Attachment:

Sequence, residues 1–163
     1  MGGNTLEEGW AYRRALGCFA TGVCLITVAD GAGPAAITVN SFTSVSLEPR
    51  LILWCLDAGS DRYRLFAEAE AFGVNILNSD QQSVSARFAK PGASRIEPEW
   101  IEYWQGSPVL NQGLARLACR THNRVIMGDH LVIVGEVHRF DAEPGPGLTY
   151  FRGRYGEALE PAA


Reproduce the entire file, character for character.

Sequence, residues 1–163
     1  MGGNTLEEGW AYRRALGCFA TGVCLITVAD GAGPAAITVN SFTSVSLEPR
    51  LILWCLDAGS DRYRLFAEAE AFGVNILNSD QQSVSARFAK PGASRIEPEW
   101  IEYWQGSPVL NQGLARLACR THNRVIMGDH LVIVGEVHRF DAEPGPGLTY
   151  FRGRYGEALE PAA